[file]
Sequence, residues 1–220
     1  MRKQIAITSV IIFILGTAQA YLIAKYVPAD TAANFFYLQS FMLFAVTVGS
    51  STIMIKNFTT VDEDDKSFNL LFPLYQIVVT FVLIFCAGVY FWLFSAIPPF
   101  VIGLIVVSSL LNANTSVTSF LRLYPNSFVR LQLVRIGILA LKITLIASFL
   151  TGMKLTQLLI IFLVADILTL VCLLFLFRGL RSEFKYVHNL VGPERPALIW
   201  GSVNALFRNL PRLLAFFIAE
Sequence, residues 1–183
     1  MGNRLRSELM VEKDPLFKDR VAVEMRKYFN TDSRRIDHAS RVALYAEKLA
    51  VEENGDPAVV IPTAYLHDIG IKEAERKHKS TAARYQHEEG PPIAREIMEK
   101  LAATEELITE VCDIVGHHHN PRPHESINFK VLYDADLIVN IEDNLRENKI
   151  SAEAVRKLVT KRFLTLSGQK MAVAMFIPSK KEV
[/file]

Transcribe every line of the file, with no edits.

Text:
Sequence, residues 1–220
     1  MRKQIAITSV IIFILGTAQA YLIAKYVPAD TAANFFYLQS FMLFAVTVGS
    51  STIMIKNFTT VDEDDKSFNL LFPLYQIVVT FVLIFCAGVY FWLFSAIPPF
   101  VIGLIVVSSL LNANTSVTSF LRLYPNSFVR LQLVRIGILA LKITLIASFL
   151  TGMKLTQLLI IFLVADILTL VCLLFLFRGL RSEFKYVHNL VGPERPALIW
   201  GSVNALFRNL PRLLAFFIAE
Sequence, residues 1–183
     1  MGNRLRSELM VEKDPLFKDR VAVEMRKYFN TDSRRIDHAS RVALYAEKLA
    51  VEENGDPAVV IPTAYLHDIG IKEAERKHKS TAARYQHEEG PPIAREIMEK
   101  LAATEELITE VCDIVGHHHN PRPHESINFK VLYDADLIVN IEDNLRENKI
   151  SAEAVRKLVT KRFLTLSGQK MAVAMFIPSK KEV